--George Orwell, Nineteen Eighty-Four
Let's hop in the Wayback Machine, shall we, Sherman?
Here's what I posted on my FAQ page over two years ago:
my data comes from a variety of sources, including the HHS, the State-Run Exchange press releases and news outlets ranging from small local newspapers to major national news outlets. I do not guarantee that any of their data is accurate, but I do guarantee that any of their data that I enter into the spreadsheet is as accurate as I can make it given my limited time and resources. Occasionally I may make an honest mistake; when this happens, I attempt to correct it as quickly as possible and will also post an explanation of what happened in the blog as appropriate.
...Is it possible that some of the numbers provided by the HHS, local news outlets or national news outlets is erroneous? Of course. If so, is this deliberate on their part? Anything's possible, but I doubt it. We're all human; reporters make mistakes; editors make mistakes; government employees make mistakes and I make mistakes. All I can say is that I'm doing the best I can to keep the data on this site as accurate as I can, and I promise to make corrections (with notifications of those corrections as appropriate) as quickly as I can if they happen.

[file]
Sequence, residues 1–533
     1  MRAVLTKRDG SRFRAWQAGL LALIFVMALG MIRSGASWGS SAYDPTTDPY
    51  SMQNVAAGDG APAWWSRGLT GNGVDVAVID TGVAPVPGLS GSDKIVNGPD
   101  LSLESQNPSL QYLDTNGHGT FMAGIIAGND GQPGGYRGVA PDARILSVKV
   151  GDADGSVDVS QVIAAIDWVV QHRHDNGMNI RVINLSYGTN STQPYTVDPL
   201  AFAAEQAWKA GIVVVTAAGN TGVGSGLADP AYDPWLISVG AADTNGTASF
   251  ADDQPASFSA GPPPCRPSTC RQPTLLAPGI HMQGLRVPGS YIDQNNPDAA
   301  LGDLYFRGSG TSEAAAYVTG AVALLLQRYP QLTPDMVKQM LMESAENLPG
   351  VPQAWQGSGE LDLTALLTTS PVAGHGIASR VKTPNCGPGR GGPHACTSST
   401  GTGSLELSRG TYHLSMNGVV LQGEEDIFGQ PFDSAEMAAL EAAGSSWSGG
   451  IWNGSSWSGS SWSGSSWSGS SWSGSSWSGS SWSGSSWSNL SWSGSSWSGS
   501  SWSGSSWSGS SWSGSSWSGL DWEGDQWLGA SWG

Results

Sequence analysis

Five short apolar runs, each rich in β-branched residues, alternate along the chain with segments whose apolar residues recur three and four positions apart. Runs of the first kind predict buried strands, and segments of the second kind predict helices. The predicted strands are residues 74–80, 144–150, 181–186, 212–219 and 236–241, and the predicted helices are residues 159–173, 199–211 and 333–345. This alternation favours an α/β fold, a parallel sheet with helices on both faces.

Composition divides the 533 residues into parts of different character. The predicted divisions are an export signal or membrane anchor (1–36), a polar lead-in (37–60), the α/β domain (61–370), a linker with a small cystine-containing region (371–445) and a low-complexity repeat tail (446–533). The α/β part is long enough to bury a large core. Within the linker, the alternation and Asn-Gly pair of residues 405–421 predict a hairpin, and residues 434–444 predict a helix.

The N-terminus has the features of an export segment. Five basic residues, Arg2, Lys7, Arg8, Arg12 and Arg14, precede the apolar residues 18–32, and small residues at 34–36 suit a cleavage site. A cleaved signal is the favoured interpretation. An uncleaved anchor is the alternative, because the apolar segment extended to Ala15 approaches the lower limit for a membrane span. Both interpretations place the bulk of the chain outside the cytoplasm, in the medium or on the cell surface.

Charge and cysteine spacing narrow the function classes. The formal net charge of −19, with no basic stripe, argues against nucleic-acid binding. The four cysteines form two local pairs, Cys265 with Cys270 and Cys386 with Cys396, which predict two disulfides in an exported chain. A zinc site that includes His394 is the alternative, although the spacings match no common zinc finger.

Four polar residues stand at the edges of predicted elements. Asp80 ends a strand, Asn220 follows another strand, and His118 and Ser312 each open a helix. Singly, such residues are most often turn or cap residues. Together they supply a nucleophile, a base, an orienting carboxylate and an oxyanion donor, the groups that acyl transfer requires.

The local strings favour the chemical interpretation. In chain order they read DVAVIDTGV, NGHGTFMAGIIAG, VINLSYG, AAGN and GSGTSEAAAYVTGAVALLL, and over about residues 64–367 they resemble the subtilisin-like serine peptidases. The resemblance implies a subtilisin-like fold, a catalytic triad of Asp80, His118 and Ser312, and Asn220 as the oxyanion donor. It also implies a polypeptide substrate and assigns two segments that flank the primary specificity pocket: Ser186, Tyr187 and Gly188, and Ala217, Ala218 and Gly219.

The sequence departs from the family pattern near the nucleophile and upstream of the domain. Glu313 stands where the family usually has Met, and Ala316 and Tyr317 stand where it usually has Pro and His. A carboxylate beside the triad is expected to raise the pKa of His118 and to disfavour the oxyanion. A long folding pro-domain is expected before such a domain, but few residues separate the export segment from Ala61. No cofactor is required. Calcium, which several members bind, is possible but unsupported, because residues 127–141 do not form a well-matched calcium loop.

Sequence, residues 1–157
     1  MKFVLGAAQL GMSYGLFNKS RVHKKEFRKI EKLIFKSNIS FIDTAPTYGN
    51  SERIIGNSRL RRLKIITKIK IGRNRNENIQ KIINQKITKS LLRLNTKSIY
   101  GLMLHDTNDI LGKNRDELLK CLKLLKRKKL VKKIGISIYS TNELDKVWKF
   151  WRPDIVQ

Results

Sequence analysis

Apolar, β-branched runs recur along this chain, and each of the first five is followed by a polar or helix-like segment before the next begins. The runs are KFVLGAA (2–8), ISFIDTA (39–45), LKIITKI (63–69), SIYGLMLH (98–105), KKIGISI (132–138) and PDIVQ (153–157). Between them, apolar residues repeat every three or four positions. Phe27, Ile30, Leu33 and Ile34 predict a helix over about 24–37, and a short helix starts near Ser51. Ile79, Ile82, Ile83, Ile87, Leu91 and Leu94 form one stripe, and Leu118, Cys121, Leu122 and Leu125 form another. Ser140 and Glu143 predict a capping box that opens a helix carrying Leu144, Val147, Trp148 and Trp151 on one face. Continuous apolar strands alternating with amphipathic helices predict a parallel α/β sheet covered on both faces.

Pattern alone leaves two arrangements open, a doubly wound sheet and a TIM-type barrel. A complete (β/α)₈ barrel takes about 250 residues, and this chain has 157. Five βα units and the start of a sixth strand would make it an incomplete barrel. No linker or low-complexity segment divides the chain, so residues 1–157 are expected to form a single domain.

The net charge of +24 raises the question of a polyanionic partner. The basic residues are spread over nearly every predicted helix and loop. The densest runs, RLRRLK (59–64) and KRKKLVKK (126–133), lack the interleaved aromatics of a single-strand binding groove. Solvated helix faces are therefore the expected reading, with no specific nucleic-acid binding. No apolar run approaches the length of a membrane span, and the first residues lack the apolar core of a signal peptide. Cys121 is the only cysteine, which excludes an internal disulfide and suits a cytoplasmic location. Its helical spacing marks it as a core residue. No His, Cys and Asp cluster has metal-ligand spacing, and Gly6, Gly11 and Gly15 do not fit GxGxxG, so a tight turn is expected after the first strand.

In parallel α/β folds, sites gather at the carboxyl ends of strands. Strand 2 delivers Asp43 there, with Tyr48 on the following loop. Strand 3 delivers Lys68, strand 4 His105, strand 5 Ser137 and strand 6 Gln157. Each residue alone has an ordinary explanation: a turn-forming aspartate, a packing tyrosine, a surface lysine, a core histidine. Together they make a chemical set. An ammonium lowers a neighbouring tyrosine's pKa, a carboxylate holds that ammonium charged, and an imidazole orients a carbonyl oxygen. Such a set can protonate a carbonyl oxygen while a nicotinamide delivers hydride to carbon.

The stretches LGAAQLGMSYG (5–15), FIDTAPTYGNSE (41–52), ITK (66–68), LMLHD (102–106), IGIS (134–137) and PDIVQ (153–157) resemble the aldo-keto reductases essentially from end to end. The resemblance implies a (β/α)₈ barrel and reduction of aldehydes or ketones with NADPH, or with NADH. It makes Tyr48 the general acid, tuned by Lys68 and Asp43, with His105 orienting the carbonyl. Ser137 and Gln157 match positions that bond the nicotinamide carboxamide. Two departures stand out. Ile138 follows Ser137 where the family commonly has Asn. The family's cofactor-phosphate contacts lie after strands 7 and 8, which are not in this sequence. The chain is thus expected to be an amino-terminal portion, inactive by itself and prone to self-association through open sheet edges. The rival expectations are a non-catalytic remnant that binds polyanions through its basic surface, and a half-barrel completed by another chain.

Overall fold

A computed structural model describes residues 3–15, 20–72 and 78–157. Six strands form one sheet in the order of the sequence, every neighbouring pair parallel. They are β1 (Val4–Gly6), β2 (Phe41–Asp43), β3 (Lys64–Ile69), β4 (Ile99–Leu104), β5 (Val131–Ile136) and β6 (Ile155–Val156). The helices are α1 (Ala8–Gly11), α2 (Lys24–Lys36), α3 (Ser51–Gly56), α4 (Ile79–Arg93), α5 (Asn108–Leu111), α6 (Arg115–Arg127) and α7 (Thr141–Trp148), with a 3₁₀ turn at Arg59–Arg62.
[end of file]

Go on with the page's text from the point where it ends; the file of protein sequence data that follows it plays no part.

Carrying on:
When you visit the link, it goes to a video interview with the executive director of the HI exchange, who states, when asked "do we know how many signups there've been so far?" that "it's about 12,000; we were at 250 this time last year, so we've made a lot of progress."